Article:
9 เมษายน 2553 0:14
I'd like to invite comments on the best approaches to the following:
Let's say a table has an attribute with a static domain that holds only string values. For example, an attibute called MethodOfContact, to make things simple. MethodOfContact will always be one of the following: Email, Phone, In Person. This will never change so there is no need for the user to maintain a dynamic domain through an interface, for example. The question is this: Should a reference table be used or not? The advantage I see to using a reference table is that I can avoid having to create a lengthy attribute in the original table that holds a descriptive value; in this case, "Email", "Phone", and "In Person". The advantage of not using a reference table that I can think of is that it's one less table in the database. The disadvantage of not using a reference table is that you'll either have too long of a field in the original table to keep the value descriptive, or you'll have a one-character field that saves space but is not very descriptive. I guess my preference would be for the reference table, but I'm not sure if there are other considerations. Please let me know what you think.
9 เมษายน 2553 0:34I would go with a reference table.
Premature optimization is the root of all evil in programming. (c) by Donald Knuth
Naomi Nosonovsky, Sr. Programmer-Analyst
9 เมษายน 2553 5:28
Reference Table is better design here which is easy to extend to the new values and add more information to the different contact points. Lets say If you want to keep one contact point as default or assign priority over another contact point then Reference table would be very useful. Also one more extra table is not much of a concern to SQL Server if that table is there for a purpose.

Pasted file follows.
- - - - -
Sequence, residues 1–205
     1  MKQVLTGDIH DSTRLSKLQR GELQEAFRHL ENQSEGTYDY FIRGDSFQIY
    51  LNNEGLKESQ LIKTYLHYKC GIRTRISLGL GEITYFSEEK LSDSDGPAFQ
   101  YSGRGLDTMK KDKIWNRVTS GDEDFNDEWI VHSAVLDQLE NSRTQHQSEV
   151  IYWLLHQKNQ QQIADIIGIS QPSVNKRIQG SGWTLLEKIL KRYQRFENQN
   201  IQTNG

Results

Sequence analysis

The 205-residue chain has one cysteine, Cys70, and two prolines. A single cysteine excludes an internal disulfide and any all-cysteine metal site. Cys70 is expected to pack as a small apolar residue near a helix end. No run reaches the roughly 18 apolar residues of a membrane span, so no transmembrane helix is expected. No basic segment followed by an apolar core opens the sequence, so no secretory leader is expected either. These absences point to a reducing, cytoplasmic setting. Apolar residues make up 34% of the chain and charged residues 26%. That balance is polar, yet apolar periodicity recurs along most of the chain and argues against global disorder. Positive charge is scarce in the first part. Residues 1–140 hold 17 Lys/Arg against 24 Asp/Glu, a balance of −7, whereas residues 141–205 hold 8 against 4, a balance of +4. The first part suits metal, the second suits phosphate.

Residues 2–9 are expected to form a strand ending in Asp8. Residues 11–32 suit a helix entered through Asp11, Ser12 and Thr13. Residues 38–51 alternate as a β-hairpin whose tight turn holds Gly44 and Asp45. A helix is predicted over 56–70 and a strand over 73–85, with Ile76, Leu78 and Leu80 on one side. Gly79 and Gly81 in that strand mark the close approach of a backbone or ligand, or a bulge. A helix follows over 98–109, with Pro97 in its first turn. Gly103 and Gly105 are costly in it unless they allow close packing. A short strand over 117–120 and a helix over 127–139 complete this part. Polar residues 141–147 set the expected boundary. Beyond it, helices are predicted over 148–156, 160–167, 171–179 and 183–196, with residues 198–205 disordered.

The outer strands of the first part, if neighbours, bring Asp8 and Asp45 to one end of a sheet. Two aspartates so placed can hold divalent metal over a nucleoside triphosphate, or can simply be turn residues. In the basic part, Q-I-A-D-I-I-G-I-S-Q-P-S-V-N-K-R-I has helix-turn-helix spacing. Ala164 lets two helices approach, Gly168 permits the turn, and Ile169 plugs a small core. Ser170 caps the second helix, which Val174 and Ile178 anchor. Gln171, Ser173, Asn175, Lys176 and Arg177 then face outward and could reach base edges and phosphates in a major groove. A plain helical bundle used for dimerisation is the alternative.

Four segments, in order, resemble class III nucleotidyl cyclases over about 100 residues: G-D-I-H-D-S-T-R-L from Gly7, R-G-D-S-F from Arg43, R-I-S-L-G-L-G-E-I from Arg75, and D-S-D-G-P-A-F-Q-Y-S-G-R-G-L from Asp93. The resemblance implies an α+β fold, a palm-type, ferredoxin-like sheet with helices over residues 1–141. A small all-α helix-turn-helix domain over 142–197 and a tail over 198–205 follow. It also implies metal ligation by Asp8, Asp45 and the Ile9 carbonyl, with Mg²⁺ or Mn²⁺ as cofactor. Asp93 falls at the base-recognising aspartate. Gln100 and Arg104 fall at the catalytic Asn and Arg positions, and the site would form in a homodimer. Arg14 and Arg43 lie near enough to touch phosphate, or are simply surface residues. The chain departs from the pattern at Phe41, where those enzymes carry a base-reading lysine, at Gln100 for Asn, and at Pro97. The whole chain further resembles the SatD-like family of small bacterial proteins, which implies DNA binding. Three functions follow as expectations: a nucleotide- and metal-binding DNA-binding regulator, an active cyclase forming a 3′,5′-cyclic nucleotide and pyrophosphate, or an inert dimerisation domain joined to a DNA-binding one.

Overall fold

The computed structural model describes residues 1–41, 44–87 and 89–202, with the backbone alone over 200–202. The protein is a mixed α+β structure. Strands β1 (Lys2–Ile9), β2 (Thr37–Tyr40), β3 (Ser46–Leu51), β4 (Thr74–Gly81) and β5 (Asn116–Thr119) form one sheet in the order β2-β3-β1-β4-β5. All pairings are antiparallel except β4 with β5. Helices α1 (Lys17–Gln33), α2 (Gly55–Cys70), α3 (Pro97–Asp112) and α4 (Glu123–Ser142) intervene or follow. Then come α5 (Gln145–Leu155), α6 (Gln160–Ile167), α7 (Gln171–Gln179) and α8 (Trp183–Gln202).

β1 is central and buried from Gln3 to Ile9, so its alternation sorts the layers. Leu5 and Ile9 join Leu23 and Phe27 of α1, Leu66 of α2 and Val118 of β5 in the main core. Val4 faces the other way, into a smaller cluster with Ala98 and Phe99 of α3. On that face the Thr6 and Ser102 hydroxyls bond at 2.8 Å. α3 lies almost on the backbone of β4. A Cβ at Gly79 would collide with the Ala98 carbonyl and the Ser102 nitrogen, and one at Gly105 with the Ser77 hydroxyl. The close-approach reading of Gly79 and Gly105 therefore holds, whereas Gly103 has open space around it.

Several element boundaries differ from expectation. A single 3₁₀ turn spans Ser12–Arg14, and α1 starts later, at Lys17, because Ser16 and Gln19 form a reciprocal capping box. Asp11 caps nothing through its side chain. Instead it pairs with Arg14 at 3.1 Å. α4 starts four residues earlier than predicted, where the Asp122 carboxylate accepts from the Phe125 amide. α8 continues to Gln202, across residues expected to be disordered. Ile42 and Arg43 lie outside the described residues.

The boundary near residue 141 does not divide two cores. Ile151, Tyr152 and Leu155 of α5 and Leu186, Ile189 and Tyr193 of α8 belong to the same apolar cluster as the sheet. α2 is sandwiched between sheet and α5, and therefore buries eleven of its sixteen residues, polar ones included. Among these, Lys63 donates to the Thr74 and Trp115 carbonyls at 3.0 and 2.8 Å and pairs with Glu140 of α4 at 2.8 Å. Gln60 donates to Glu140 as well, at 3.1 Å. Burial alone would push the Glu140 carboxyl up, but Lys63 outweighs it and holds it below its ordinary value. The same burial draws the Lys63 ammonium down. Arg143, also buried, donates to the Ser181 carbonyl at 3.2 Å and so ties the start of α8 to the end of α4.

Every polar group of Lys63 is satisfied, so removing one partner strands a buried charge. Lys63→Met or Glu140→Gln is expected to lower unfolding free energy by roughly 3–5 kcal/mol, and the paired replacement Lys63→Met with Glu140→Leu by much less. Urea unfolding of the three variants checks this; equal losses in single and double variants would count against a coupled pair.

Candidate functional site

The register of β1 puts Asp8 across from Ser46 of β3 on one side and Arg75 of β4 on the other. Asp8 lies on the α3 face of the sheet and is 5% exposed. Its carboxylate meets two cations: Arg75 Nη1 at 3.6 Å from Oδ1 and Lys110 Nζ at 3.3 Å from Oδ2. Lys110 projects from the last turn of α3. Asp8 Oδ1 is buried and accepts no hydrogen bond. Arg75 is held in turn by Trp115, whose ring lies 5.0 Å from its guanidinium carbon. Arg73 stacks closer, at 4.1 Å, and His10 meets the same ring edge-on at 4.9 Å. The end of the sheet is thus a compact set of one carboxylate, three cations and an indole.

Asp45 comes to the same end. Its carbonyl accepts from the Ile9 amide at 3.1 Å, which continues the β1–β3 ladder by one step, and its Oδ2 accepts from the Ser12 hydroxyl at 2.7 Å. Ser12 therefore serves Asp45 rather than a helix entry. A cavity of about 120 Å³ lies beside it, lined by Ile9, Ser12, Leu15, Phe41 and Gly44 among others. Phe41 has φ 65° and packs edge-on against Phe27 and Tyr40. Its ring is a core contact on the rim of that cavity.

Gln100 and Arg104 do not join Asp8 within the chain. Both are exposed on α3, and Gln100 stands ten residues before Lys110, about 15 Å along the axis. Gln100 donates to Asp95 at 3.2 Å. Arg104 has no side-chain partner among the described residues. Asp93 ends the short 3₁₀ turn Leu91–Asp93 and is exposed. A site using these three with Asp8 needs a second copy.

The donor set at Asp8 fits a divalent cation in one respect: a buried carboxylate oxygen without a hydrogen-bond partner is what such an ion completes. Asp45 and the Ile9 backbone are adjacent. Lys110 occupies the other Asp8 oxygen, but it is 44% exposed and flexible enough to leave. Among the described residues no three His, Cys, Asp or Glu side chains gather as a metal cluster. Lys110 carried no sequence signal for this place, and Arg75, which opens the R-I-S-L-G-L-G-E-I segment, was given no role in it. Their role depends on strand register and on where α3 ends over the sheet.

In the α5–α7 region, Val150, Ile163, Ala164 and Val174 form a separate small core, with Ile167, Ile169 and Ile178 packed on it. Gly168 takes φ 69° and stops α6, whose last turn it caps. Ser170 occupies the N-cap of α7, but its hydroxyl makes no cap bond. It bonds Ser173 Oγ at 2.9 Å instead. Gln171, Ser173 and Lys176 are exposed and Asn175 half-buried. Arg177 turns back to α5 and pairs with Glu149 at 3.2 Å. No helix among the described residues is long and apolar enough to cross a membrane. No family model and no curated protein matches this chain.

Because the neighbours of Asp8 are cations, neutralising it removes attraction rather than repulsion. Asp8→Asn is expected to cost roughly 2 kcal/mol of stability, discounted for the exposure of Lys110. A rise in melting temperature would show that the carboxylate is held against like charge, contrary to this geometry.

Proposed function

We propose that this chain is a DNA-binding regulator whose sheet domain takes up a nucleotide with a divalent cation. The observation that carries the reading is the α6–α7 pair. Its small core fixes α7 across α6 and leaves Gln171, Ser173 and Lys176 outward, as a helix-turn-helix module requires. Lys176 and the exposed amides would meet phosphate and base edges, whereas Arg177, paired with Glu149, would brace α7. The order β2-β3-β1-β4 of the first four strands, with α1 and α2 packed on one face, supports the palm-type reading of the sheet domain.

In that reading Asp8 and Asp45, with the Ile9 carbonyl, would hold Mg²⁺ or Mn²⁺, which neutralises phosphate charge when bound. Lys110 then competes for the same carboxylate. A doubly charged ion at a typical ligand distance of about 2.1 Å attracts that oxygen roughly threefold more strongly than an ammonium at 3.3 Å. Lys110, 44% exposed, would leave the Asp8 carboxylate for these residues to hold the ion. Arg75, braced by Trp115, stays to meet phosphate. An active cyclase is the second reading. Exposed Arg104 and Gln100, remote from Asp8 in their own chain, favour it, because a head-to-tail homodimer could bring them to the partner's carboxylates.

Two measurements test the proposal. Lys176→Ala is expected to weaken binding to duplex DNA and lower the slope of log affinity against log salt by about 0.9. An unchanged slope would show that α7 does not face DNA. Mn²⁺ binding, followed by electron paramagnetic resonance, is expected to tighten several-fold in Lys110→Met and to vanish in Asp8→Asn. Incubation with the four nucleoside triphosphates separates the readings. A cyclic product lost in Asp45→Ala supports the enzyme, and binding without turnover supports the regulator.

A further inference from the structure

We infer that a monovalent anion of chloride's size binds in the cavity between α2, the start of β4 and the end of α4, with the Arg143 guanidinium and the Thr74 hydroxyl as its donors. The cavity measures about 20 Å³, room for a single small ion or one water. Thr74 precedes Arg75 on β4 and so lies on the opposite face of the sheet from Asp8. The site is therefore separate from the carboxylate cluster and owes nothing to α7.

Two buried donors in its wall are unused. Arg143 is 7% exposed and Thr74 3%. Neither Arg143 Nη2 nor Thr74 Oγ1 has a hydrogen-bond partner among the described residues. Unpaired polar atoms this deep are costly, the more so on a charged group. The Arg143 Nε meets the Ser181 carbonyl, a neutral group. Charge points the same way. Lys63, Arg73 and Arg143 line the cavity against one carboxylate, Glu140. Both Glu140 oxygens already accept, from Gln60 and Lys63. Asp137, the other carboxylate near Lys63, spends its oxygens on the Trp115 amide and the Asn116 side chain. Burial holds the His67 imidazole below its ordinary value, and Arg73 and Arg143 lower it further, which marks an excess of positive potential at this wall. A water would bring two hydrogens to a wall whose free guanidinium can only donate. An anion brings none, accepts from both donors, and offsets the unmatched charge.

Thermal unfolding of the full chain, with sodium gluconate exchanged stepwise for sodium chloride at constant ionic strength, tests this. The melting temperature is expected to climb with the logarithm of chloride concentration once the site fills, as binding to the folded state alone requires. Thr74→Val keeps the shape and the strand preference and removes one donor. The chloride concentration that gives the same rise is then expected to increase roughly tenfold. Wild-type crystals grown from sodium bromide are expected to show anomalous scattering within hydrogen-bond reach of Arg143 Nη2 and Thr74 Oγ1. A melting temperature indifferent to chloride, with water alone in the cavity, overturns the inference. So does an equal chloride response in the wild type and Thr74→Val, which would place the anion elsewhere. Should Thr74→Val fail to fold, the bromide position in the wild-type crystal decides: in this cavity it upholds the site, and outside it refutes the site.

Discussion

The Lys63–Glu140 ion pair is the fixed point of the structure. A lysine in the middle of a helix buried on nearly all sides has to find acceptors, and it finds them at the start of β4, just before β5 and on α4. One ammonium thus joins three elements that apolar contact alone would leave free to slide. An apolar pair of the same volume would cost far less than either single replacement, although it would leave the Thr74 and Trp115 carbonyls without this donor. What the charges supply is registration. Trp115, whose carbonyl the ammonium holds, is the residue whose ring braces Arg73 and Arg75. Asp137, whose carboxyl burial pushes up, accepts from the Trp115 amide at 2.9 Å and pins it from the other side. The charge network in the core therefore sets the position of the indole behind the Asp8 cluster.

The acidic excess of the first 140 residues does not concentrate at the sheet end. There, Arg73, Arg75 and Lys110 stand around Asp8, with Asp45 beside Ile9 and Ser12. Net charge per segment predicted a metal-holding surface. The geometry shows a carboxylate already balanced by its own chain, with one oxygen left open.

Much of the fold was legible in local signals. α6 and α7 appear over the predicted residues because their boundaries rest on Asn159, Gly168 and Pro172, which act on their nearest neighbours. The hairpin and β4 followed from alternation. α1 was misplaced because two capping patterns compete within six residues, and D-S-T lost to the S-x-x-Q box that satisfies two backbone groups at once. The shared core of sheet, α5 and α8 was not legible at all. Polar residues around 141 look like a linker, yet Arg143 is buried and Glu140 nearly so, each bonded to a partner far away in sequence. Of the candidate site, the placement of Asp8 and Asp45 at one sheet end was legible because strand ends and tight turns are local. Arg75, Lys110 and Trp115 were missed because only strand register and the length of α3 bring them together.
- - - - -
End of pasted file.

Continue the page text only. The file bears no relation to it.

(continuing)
Ranjith | My Blog
9 เมษายน 2553 12:51ผู้ตอบ
I'd use a reference/lookup TABLE. My reasoning: when i come up with question such as this myself, is this list limited by defintion?
Birthdate: As long as it is a date, we don't care what it is. No lookup. The datatype is perfectly good.
(Employee) Type: Lookup. When used, we care that it is a specific list that is defined by our system.
Active_Flag*: Attribute. It is by definition either on or off. Hence, no lookup is required. Not even a CHECK CONSTRAINT.
(Arithemetic) Sign: It is by definition either +, -, X, /. Use a CHECK CONSTRAINT to limit it.
Applying this reasoning to MethodOfContact: It is not by definition limited to Email, Phone, and In Person. Therefore, it should be a lookup.
>The advantage I see to using a reference table is that I can avoid having to create a lengthy attribute in the original table that holds a descriptive value;
That isn't always an advantage, unless space is a major concern and the (child) TABLE is expected to have hundreds of million of records. It's just 5 bytes or so.
>The advantage of not using a reference table that I can think of is that it's one less table in the database.
A good model has as many TABLEs as required. That is a foundational ascpect in Normalization.
*Flags are nearly always bad design. Use a status instead. Unless, by definition--not by business rule, but logical definition--it has only two values. An example would be arithmetic sign, if for some reason it must be kept separate from the number. Bad exmaples are: Active_Flag, Group_Blank_Participant, and IsManager. The first should be status, the second should be another TABLE, the third should be a Manager COLUMN.